Here I will quote a few basic examples of maximality condition yielding primeness of ideals, though I knew how to prove them and knew the statement. I do not think I have a good intuitive answer to expect primeness from maximality condition in general. In general, the proof goes by contradiction and produce an ideal strictly larger by assuming contradiction. Then deduce the "maximal" ideal does not have the desired property. The proof will almost all the time invoke zorn lemma.

Every maximal ideal is prime.

A maximal among non finitely generated ideals is prime.

Maximal among non principal is prime.

Let $M$ be a noetherian module over ring $A$. Denote $Q$ as an ideal maximal among the ideals annhilates some principal submodule of $M$. Then $Q$ is prime.

$\textbf{Q:}$ The proof above is not too hard. Was there intuitive explanation or reason for why I should expect maximal implying prime in general? I am not looking for a proof explanation.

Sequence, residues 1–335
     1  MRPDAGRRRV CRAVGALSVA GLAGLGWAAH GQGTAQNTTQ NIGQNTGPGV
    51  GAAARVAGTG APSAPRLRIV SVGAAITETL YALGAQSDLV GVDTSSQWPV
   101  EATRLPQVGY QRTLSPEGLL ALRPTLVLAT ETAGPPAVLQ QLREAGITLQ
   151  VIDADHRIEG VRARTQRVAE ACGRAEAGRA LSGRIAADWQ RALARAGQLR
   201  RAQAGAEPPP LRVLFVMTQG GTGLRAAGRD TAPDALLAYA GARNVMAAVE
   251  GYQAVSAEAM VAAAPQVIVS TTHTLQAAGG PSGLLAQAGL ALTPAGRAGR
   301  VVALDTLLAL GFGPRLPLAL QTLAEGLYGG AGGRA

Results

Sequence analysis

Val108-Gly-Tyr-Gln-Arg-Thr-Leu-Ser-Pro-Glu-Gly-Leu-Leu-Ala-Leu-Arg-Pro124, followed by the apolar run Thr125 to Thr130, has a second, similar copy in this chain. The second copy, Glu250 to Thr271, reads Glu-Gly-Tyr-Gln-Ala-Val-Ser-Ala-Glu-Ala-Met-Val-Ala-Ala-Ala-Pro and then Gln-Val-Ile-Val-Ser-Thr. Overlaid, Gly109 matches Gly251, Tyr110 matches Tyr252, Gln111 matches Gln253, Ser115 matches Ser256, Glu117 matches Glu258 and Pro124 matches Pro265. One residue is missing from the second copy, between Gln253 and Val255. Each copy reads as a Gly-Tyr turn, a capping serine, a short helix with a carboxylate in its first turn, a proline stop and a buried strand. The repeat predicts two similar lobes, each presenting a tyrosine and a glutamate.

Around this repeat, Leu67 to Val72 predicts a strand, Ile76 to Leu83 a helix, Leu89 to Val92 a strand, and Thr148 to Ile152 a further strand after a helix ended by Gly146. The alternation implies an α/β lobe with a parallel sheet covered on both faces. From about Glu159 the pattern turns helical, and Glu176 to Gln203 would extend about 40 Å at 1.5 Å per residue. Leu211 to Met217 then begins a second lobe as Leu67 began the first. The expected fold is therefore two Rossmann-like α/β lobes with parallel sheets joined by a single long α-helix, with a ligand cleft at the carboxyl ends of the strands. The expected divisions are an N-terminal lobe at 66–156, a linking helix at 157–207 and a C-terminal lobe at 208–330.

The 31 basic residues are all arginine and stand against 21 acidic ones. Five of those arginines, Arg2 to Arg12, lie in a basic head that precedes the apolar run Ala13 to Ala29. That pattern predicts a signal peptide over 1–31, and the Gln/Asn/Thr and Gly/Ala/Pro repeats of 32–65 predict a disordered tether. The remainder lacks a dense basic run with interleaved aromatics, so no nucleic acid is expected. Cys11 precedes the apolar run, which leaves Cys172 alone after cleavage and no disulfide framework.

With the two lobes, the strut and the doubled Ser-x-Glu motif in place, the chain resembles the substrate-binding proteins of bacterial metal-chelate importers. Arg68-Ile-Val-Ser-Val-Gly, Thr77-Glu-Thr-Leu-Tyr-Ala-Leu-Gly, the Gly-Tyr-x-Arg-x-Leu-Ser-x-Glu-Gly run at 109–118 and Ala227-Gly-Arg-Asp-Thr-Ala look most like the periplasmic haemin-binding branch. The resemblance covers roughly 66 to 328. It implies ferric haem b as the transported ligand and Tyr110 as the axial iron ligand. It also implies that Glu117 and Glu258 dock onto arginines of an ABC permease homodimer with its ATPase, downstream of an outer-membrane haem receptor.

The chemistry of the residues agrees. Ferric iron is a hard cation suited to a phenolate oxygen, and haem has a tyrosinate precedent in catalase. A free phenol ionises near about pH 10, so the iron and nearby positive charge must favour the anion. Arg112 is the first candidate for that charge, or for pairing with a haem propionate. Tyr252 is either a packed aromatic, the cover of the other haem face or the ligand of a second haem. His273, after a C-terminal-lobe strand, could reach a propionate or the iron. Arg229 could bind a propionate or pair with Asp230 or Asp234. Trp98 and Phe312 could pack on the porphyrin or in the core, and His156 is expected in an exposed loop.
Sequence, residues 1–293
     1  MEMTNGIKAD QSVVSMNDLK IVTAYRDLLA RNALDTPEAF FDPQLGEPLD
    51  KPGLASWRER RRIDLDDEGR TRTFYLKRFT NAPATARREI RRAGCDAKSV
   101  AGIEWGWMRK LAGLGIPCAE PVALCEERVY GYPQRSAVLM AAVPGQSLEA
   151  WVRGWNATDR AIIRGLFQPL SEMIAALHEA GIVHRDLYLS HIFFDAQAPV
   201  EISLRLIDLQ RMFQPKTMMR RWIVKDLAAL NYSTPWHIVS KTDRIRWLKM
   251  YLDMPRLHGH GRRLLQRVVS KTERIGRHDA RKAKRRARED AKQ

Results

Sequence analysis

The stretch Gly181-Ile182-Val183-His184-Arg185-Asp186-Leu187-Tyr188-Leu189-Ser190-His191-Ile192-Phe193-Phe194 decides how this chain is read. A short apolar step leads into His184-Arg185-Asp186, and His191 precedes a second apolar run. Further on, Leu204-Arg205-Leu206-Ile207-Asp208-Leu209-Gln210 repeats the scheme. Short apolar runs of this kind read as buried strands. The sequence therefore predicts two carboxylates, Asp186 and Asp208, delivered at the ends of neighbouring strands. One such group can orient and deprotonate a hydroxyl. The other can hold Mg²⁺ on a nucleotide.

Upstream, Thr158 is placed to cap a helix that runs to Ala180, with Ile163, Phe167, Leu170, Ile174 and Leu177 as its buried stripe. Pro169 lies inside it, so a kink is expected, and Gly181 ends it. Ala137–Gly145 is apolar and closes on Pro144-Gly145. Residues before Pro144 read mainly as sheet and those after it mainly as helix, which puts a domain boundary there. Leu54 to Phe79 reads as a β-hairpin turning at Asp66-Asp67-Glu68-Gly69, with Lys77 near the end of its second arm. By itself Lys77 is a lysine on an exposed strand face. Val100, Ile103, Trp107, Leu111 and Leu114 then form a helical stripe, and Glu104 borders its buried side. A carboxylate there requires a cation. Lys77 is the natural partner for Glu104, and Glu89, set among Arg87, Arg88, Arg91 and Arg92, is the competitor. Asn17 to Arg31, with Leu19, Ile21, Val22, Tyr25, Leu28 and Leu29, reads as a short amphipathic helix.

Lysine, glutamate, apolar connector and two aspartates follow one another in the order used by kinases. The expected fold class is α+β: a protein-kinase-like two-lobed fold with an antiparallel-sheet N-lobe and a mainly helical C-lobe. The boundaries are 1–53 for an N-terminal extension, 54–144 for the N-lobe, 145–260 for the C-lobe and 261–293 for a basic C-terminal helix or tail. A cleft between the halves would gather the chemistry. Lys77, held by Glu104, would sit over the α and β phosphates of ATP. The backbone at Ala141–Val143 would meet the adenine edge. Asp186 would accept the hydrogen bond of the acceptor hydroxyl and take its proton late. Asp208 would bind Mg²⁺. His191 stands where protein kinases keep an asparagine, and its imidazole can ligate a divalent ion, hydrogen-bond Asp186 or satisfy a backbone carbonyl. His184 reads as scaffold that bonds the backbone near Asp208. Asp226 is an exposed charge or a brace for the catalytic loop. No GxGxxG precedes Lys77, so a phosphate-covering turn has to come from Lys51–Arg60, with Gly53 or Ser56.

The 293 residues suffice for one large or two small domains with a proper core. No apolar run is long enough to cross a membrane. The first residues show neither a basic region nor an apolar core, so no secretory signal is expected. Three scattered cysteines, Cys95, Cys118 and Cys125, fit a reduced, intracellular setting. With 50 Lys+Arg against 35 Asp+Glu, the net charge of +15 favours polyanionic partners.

• 1
    $\begingroup$ See the links I give here for a start. See also here. $\endgroup$ – Bill Dubuque Apr 10 at 15:18
  • $\begingroup$ @BillDubuque Thanks a lot for the link. $\endgroup$ – user45765 Apr 10 at 15:20
  • 2
    $\begingroup$ The Lam-Reyes paper on Oka-Ako families is really "the rug that ties the room together" for primeness results like this. $\endgroup$ – rschwieb Apr 10 at 15:32

Your Answer

By clicking “Post Your Answer”, you agree to our terms of service, privacy policy and cookie policy

Browse other questions tagged or ask your own question.